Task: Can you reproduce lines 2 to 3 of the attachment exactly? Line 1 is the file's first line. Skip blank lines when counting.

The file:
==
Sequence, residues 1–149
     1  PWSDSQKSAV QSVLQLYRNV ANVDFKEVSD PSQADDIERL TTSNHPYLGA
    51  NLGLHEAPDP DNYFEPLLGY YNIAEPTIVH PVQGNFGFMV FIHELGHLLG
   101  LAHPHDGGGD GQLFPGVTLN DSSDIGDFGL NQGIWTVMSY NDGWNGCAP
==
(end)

     1  PWSDSQKSAV QSVLQLYRNV ANVDFKEVSD PSQADDIERL TTSNHPYLGA
    51  NLGLHEAPDP DNYFEPLLGY YNIAEPTIVH PVQGNFGFMV FIHELGHLLG